Finally, an inexpensive scope will not normally have consistent and repeatable adjustments. There will often be back lash in the screws, so an adjustment won't show any effect for the first few clicks, and then it will continue to move over the course of a few shots until it rests on the same face again, meaning you usually overshoot the adjustment you wanted. It's also not uncommon to find they are not properly aligned with the crosshair, so that each adjustment has both a horizontal and vertical component. It's livable if you never adjust the sights for windage or elevation - assuming the scope will hold a zero - but establishing that zero is never enjoyable.
So... all things being considered, you are better off buying a lower magnification optic with better quality lenses that will allow less light loss, sharper focus and better resolution. You'll see .22 caliber holes at 100 yards with a quality 2-7x, 3-9x or fixed power 6x scope easier and with far greater sharpness that you will with a cheap 4-16x or 6.5-20x scope.
I have either Leupold 3-9x33mm or Leupold 2-7x33 scopes on all my .22LRs - with the exception of an Anschutz that has a fixed power Leupold M8 12x40mm scope.
At 9x a 33 mm scope has a 3.67mm exit pupil, and at 7x the exit pupil is 4.71 - nearly ideal even in low light conditions. The optical quality is very good with sharp resolution from edge to edge, the optics are well aligned with no change in zero as the power is changed and the adjustments are back lash free, consistent and repeatable.
Consequently the light weight and smaller footprint of those scopes, combined with decent quality optics and rock solid adjustments means everything it brings to the rifle is actually usable, instead of just marketing hype. And, since it's a 33mm scope, on low rings and a standard Weaver rail it tends to be low and close to the barrel, minimizing problems establishing a consistent cheek weld.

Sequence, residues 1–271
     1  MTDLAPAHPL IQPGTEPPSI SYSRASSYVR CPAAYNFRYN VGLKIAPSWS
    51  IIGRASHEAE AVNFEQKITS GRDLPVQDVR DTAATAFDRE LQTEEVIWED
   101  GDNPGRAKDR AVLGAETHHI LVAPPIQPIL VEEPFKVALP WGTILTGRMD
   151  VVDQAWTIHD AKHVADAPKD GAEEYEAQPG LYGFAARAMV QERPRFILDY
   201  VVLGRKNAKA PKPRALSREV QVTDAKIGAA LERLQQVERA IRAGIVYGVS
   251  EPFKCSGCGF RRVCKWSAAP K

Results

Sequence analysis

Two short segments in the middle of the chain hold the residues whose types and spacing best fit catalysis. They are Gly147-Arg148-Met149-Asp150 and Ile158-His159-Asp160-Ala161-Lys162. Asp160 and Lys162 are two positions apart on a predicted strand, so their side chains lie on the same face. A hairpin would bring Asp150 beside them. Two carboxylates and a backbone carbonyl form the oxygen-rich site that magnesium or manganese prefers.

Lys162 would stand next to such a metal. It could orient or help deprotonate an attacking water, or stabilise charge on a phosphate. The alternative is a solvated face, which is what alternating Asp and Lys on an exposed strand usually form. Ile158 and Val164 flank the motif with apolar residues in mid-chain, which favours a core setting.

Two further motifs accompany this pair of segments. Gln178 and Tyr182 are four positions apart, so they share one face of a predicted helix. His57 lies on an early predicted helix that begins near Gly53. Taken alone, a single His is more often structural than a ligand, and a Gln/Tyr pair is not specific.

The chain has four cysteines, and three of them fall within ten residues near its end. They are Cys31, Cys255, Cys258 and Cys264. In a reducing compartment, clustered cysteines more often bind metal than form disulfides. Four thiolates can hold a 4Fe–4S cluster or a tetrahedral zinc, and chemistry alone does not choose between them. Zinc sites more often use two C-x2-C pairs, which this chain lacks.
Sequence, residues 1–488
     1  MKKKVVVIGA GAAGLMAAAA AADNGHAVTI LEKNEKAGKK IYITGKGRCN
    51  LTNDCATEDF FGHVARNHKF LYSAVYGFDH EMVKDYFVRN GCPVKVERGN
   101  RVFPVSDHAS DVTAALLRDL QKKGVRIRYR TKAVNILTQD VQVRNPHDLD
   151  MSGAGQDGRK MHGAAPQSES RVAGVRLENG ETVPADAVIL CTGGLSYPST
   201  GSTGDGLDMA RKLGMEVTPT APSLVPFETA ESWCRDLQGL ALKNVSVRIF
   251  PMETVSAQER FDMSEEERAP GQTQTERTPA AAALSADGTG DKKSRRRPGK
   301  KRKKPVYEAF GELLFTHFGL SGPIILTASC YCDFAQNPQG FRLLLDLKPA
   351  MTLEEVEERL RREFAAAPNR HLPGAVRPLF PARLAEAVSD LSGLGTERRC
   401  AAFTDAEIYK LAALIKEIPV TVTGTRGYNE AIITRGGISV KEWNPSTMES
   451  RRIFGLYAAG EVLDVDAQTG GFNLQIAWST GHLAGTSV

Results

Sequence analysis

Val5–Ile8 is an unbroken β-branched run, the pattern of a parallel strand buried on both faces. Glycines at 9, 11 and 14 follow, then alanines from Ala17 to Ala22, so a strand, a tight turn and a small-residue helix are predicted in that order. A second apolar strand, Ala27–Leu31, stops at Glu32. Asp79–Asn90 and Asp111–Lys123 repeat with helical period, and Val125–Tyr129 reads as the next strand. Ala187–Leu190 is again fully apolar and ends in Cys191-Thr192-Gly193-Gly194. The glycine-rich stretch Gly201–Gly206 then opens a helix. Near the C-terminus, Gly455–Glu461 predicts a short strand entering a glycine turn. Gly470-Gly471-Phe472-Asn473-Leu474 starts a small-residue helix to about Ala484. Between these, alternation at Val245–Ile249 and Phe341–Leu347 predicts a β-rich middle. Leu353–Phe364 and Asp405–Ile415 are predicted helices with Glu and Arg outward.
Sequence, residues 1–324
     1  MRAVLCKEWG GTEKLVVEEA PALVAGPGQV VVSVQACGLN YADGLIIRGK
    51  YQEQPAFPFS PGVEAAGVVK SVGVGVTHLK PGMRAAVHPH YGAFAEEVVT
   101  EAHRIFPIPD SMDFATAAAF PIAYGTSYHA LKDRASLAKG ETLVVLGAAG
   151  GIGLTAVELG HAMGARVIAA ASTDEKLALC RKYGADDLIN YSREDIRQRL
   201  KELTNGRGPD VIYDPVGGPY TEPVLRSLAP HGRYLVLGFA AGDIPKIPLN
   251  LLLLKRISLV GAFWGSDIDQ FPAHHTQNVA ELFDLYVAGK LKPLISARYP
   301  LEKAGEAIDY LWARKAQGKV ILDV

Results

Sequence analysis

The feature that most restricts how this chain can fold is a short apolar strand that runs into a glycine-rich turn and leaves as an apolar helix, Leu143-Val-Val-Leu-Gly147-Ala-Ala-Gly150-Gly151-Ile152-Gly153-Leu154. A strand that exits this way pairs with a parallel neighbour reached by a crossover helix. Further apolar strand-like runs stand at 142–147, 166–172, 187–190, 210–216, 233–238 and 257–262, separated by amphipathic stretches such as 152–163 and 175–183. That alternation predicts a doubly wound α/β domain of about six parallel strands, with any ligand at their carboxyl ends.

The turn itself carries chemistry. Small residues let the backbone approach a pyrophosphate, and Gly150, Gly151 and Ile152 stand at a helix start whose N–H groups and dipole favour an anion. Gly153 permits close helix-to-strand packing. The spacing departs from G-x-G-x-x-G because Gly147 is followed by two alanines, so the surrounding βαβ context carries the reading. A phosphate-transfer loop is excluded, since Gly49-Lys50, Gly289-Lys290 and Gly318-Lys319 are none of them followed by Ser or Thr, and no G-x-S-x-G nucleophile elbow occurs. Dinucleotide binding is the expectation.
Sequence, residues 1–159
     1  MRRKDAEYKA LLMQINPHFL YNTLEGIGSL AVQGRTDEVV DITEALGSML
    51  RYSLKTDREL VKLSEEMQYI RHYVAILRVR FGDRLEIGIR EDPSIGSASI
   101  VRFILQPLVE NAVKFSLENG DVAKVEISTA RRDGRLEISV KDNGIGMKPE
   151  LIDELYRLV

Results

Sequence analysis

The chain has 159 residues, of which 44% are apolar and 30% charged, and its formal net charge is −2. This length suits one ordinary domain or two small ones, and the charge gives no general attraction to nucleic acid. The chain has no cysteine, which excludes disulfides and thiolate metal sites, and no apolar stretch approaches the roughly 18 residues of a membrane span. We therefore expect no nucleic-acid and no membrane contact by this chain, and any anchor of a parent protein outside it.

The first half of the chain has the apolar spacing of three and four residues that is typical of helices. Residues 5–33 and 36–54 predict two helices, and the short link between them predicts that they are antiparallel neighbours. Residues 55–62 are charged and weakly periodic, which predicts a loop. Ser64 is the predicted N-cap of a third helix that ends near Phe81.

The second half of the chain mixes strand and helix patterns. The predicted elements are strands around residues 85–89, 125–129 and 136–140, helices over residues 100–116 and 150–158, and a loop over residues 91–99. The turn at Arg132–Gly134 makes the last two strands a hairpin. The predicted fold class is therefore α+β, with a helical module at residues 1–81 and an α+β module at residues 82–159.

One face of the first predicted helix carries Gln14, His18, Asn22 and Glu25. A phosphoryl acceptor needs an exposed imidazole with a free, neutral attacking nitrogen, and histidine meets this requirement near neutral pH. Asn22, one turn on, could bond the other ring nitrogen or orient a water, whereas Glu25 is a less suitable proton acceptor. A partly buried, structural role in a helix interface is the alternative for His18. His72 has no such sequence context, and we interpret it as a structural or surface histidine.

I should add here that I don't own a .22 rifle zeroed at less than 100 yards and I normally shoot at 100-200 yards with them.
Again, all you need is enough magnification to see the target, you don't need over kill on a field rifle, and you don't want to put yourself in the position of trading resolution and image brightness for excessive magnification.
Now if you plan on bench rest shooting at paper targets, then more magnification is a benefit to more accurately see and bi-sect the X-ring - but again I'd go for quality and I'd choose a fixed power scope of moderate 12x or 16x magnification over a 24x or 36x scope, especially if I ever planned on shooting it prone rather than off a bench. With my 12x40mm M8, the exit pupil is still 3.3, so while it's not a low light scope it still delivers good image resolution and brightness even on all but the darkest over cast days. More power would mostly be a detriment to the real world shooting I do with it.
On a standard 10/22 carbine, I feel a quality variable in the 2-7 range is ideal. It offers enough magnification to see targets out to the effective range of the carbine, the low end of the range offers the wide field of view needed to see and acquire short range and/or moving targets, and it's not overly large in size for the proportions of the carbine.
Here's my 10/22 with a Leupold VX1 2-7x33 on low millet rings and a Weaver T0-9 base. It's as large and as high as I'd go on a 10/22 carbine.
I've never seen a turret screw with backlash. When you turn a turret screw tighter, it will force the inside tube to move ... no exceptions. The problem with many scopes ... yes, even some more expensive models is ... the leaf spring that pushes the inside tube against the tips of the turret screws. When you back off the turret screw, the leaf spring may not be strong enough to keep the inside tube pressed against the turret screws or the round inside tube will bind on the screw tips. Simple fix ... just give the top and side turret screws a light wrap with a plastic screwdriver handle. This will allow the inside tube to seat properly on the turret screw tips. If you follow "best practices" when zeroing a scope, this effect should never happen. By intentionally setting the turret screws out a half turn, as you walk in zero, you should only be turning the screws tighter, which will eliminate this effect.There will often be back lash in the screws, so an adjustment won't show any effect for the first few clicks, and then it will continue to move